Hi All, Leslie in Las Vegas here.
I started to harvest my Saffron crocus, C. sativus, blossoms last week for the spice. Saffron loves growing in a climate with hot dry summers and cold winters and this makes it a perfect plant for my Las Vegas garden. The reason the spice is so expensive is that harvesting is very labor intensive; lots of bending and crawling around on hands and knees because they grow so close to the ground. 4,000 of the orange stigmas weigh only about 1 ounce. But the bulbs are cheap.
Last summer I relocated my saffron crocus bulbs to another bed. When I started digging to lift them I couldn’t find one bulb and I thought I must have killed them. So, I went into the house for some lunch, (comfort food), and cried on Bill’s shoulder and then I dragged myself back into the garden to put my tools away. I reached for my trowel and sitting right there where I tossed it was a big fat crocus bulb, the biggest one I’ve ever seen. It was an inch in diameter and so much bigger than the bulbs I bought mail-order that I had to inspect it to make sure it was saffron crocus. “Where did you come from?” As I began to dig down deeper I began to uncover more clumps of bulbs.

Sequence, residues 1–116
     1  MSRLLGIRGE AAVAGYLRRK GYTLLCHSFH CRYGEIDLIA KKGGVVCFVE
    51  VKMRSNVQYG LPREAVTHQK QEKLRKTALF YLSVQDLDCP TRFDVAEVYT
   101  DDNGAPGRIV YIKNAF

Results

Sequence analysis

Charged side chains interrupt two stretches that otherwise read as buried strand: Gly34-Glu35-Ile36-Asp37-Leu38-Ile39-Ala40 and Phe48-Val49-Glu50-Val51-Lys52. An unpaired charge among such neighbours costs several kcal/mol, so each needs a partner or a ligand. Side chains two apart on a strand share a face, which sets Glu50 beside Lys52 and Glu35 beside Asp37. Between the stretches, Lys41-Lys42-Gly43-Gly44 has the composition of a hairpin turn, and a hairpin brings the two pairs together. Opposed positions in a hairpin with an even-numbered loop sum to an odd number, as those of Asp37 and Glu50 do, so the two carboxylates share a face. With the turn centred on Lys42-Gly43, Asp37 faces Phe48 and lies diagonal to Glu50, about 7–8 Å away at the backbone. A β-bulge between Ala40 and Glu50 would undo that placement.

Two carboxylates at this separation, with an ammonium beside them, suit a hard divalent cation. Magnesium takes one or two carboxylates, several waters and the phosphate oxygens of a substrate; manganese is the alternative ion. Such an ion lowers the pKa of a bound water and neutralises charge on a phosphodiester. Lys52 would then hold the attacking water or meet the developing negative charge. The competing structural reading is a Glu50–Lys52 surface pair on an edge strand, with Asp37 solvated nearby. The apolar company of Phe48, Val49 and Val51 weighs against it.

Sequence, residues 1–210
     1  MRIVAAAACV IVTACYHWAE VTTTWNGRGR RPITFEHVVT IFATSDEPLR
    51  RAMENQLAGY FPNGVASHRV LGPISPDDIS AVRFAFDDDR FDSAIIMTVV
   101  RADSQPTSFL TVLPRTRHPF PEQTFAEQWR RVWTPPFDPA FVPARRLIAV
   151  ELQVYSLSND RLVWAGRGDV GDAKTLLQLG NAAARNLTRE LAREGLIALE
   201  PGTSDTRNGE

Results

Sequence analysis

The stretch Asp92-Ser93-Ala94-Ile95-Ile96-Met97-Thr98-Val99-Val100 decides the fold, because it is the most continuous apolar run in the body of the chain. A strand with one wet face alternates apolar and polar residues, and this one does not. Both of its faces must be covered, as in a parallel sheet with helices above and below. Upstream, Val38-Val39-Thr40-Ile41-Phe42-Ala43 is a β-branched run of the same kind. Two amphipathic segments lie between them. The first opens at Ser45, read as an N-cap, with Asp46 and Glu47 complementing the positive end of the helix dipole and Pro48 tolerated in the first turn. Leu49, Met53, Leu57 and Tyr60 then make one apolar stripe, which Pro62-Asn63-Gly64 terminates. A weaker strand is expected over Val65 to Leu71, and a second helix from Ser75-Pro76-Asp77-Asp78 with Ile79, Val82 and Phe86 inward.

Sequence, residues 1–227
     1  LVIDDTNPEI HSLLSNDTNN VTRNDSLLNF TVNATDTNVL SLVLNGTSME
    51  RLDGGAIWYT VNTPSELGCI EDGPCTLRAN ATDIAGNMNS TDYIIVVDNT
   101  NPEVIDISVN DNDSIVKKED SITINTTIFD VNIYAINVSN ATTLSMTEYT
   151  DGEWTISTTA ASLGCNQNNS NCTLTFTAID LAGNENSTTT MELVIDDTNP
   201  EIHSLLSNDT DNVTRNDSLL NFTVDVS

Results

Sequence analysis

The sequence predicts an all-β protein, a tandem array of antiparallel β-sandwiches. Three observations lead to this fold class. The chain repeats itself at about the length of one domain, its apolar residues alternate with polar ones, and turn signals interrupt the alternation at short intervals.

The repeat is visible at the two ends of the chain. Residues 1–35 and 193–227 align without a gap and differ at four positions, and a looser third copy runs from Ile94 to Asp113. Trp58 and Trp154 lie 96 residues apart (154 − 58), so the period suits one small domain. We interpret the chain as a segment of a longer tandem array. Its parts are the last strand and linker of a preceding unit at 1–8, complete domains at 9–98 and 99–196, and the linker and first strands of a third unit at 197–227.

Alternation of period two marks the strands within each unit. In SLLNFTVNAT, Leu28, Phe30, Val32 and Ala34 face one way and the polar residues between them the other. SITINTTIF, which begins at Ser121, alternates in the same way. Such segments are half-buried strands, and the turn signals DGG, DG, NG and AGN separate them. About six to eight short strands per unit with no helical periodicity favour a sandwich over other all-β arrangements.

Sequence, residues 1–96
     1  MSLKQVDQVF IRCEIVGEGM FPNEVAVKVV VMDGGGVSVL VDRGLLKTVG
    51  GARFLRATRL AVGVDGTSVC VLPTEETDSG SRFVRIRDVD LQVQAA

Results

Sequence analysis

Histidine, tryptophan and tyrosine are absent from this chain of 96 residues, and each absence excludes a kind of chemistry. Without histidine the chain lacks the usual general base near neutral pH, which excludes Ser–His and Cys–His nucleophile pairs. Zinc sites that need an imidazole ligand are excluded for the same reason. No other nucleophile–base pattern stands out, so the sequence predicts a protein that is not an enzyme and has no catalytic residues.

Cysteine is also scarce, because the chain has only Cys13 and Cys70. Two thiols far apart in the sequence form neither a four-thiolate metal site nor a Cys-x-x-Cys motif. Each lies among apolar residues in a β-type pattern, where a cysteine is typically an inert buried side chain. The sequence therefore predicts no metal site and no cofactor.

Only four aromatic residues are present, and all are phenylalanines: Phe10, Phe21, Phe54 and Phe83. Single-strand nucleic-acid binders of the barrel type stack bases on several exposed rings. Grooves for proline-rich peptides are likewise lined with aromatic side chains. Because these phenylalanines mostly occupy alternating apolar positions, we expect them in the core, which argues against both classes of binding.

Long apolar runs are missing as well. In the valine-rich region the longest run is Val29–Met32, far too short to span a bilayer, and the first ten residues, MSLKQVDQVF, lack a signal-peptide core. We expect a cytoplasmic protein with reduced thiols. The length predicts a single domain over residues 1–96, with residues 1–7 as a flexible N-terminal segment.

I originally planted the bulbs 2 – 3″ deep so I expected that this is where they would be. Not so. Those guys must have grown legs because they travelled down to at least 6″ deep. I needed my pointy shovel and not my hand trowel. As I dug I kept getting more and more clumps of bulbs; a huge amount more than I had planted (Oh Boy!). My 100 bulbs had increased to well over 1,000 and I had to quit counting. Hello Ebay.
Saffron crocus blooms in the fall and in my garden this is mid-October. The first part of the plant to break the surface of the soil is a tuft of chive-like foliage with the fragrant blossom following about a week later. The foliage continues to grow all winter and begins to go dormant when the weather warms.
Saffron crocus is crocus sativus and this is important to remember if you want to grow it for food flavoring. It is not the inedible fall crocus that are so popular and may be poisonous. A good way to tell them apart is this; the fall blooming crocus have 6 stamens and the crocus sativus have only 3, the stamens are yellow. If you live in a hot and dry climate with cold winters you can probably grow saffron crocus.
I harvest the blossoms in the morning by snipping them off to bring inside. In the kitchen I snip off the 3 orange threads, the stigmas; this is the spice. Sometimes I forget to turn off the ceiling fan and the threads will scatter, but today I remembered and was able to save every thread from the grip of the dust bunnies. Threads that we don’t use right away are dried and stored in a glass spice jar. We have never been able to fill up the jar.
We use about 3 threads per person to flavor a dish and the few threads we store don’t last us for very long. Last night Bill fixed Saffron Rice for dinner and tonight we will have Broiled Catfish with a Saffron Sauce. By the time you read this we will have eaten the saffron in the photo.